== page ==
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Hedland’s First Women’s Football Association Blazes a Trail

After fighting to win a spot in the league, Hedland’s first Women’s Football Association is establishing itself firmly through its first season in the competition.

Two thirds of the way through the season, The Blazers have 56 registered players and increasing wins on the board.

“It’s the first year we’ve been properly competitive,” Club President Adie Hinkes said.

“Hedland is transient, so we’ll never have the full 56 at one time, but they’re great numbers.”

The new team, which trains at Kevin Scott Oval in South Hedland, is coached by Adrian Fahey and Troy Melville.

“Back when I took over as Club President, I knew there were a lot of girls in town that loved footy. They’d be coming down to watch the boys play each week and having a kick during the breaks and on the sidelines, but there was no clear-cut pathway or league for the girls to join, so I saw an opportunity and it went from there,” Adie said.

Neither a Port Hedland Rovers nor a South Hedland Swans team, the Blazers are affiliated with the Junior League Hedland Reds.

“I thought it would be fairer that way,” Adie said.

Starting out, the Blazers had to push hard to convince the North Pilbara Football League to allow their team into the league, especially as they weren’t entering under a men’s side.

“My committee and I had to fight them to get a spot in the League, but I don’t think they regret it,” Adie said.

A passionate Fremantle Dockers supporter, Adie, who has been in the town two and a half years, is also a Health and Phys Ed teacher at the High School.

“Being a local teacher, I’m in a good position to encourage the young recruits to sign up,” she said.

“Women’s footy was never really an option for me growing up, but I see how it’s making waves throughout the state and rest of the nation in recent years as it grows in popularity. I am excited to be part of giving the younger girls coming up an opportunity to really make the most of it. I’d love to see some of our Blazers playing in the AFLW one day,” she said.

“We started the season off pretty shaky and didn’t have our first win until Round 5 but we’re getting stronger every week.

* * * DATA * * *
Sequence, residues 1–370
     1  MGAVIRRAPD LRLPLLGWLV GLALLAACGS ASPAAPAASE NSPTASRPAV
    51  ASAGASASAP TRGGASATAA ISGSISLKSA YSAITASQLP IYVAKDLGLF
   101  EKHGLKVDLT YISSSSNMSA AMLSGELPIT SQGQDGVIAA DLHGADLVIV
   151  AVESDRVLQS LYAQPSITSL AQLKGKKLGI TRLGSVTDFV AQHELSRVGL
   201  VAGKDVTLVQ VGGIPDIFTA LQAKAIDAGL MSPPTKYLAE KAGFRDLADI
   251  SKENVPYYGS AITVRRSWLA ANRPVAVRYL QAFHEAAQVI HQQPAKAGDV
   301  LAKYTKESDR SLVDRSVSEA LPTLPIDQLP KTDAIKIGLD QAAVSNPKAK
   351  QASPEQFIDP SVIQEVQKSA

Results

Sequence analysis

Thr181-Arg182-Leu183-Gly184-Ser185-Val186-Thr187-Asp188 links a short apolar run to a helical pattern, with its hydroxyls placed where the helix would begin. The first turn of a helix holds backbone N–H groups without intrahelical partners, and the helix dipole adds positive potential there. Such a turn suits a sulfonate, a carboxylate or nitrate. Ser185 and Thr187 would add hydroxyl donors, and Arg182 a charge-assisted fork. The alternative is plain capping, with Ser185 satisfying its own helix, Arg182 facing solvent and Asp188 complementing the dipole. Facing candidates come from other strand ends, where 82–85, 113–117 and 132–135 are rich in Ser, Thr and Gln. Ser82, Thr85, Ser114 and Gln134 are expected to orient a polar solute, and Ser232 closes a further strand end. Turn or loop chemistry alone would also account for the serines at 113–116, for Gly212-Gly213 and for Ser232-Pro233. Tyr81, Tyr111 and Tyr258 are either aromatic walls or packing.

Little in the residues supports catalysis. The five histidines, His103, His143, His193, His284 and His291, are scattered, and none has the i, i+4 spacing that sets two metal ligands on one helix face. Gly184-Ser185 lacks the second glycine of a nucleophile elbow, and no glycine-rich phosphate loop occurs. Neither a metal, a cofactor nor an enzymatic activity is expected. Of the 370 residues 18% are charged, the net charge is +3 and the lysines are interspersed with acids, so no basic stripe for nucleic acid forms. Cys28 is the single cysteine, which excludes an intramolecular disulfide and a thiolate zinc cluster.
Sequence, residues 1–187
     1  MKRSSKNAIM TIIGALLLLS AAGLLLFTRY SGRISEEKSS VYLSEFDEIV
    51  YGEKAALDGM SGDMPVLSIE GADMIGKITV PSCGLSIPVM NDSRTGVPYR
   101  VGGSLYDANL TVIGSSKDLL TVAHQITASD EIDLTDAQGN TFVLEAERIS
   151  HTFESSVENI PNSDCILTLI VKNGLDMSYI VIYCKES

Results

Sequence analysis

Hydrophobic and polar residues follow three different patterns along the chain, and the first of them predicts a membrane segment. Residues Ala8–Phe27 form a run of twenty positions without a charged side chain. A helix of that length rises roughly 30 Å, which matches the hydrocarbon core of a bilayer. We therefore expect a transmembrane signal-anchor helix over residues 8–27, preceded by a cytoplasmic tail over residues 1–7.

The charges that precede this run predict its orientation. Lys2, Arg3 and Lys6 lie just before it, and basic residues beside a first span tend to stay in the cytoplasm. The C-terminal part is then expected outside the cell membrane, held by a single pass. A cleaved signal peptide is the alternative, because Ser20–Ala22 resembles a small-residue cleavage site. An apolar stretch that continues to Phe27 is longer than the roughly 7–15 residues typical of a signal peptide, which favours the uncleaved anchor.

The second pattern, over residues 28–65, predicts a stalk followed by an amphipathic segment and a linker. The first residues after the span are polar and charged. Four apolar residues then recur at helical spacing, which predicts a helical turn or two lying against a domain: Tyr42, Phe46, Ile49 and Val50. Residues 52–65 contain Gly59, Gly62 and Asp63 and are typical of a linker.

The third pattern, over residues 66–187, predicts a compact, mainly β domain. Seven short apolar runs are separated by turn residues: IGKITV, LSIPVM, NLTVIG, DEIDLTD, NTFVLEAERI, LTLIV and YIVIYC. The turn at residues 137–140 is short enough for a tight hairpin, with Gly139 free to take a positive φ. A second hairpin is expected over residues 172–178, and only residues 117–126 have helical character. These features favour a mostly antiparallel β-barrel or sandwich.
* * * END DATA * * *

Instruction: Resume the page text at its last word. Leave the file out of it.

“We’ve just versed a team that beat us by 51 points at the start of the season and we beat them by 35 this game. We’re starting to get consistent players now and getting to know each other’s strengths to play by.”

Adie said being the only Hedland team in an all-Pilbara league meant the Blazers were traveling for games every second week, but the many long bus trips offered good team-bonding opportunities for the players.

“Our footy jumpers have also just arrived,” she said. “They’re of the salt pile, which is the famous Hedland landmark between Port and South Hedland and their two men’s teams. Eldridge Edwards, a local Clontarf teacher I work with at the High School, designed them for us. There’s also some Indigenous artwork the frames the salt pile. The colours in the circle represent different nationalities coming together and being part of one cause and supporting anything that come their way.”

Adie said the Blazers had been surprised by the amount of local support their team had received, and that Hedland as a whole had been really on-board and accepting of the new team.

“We’d love to take home a premiership flag in our first season,” she said.

“I’d feel a little guilty beating Freo to it, but we want the flag. The Karratha Kats are our biggest hurdle. They beat us by 112 points back in Round Three, but only by a couple of goals in our last game. I know we are capable of knocking them off, we just need to keep play the way we’ve been going. We’ve got fitness, skill and determination on our side, I don’t see why we can’t win.”

“We just need a bit of luck to go our way, so we can play in the grand final. But I’ve got faith in my girls - they’re incredible,” she said.

You can contact The Blazers or find out more about the team by connecting with their public group Hedland Women’s Football Association (The Blazers) on Facebook.